When Having A Prescription Doesn't Matter To Law Enforcement

You might be shocked at finding yourself behind bars after a driving under the influence (DUI) charge even if you had not been drinking. Almost any type of substance can create issues when driving, even legally prescribed ones. To find out more and learn what to do when a DUI happens to you, read on.

Using Prescription Drugs

It's not illegal to use prescribed substances. It is illegal, though, to drive while impaired by a substance. The law does not care what you used to become impaired – it might be alcohol, marijuana, or pain killers. If the substance impairs your ability to safely operate a vehicle, you may be pulled over, tested, arrested, and charged with DUI. When it comes to legally prescribed medication, be sure you only transport it in the original container with your prescription information on it. Having loose OxyContin roaming around in your pocket or vehicle will only make things worse for you.

The Arrest May Not Be Legal or Valid

Not all DUI arrests, regardless of the substance used, are valid and stand the test of time. Your first move should be to talk to a criminal defense lawyer about your case and find out what can be done to have the charges reduced or dropped. Your lawyer may take a look at some of the following common issues that can make the state's case fall apart under scrutiny:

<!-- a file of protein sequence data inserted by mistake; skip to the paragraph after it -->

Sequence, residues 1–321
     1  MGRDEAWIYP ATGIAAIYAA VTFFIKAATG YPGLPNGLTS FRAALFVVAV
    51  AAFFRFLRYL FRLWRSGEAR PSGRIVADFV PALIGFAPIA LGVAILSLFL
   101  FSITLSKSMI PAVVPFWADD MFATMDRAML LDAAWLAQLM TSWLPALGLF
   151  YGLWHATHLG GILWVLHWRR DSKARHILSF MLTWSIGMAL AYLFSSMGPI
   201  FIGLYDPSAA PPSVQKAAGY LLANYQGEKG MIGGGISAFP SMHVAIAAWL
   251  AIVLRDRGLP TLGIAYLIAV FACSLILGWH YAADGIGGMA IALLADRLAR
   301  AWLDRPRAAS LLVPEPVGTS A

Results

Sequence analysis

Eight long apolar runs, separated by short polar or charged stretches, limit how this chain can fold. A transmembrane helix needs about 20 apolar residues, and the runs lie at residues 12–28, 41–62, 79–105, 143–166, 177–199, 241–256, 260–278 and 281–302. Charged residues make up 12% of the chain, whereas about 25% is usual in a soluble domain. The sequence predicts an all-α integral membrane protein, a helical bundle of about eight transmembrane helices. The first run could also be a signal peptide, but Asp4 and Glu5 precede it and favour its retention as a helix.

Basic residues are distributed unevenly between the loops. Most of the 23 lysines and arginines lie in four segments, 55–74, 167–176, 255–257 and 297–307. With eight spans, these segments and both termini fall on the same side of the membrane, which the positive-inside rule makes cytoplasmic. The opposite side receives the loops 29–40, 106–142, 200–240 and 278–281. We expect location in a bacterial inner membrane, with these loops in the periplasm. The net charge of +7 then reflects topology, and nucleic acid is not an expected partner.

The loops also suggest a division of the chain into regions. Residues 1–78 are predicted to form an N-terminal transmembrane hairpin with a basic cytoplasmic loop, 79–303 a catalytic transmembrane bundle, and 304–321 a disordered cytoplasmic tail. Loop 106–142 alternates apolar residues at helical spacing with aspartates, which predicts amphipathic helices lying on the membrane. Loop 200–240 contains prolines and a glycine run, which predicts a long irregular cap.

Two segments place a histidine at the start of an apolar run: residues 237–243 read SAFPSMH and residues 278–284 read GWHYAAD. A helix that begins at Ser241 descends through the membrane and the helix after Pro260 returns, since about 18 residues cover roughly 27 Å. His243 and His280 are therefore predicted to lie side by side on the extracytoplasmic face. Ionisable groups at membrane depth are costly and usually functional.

The state must show that you were too impaired to operate a vehicle. That is usually accomplished by using a breathalyzer test, but that cannot be used with prescription medications (in most cases). Biological tests like a blood or urine test may be used but they must be performed only after a subpoena has been issued.

The other way law enforcement shows impairment is using field sobriety tests. However, these tests have been shown to be unreliable indicators of impairment since they depend on the subject being in perfect physical and neurological condition.

What led to the stop is another issue. Law enforcement can stop drivers for a variety of reasons such as equipment issues or questionable driving behaviors. They must have a valid reason for the stop but it doesn't necessarily have to be related to the DUI. That being said, careless or bad driving is not usually an arrestable offense. They must show a link between your driving habits and the effects of the alleged substance.

Other details that could influence your case are when you last took the medication, common side-effects of the medication, and more. Talk to a defense lawyer about your case right away. Look for one by going online to websites like https://dlplawyers.com/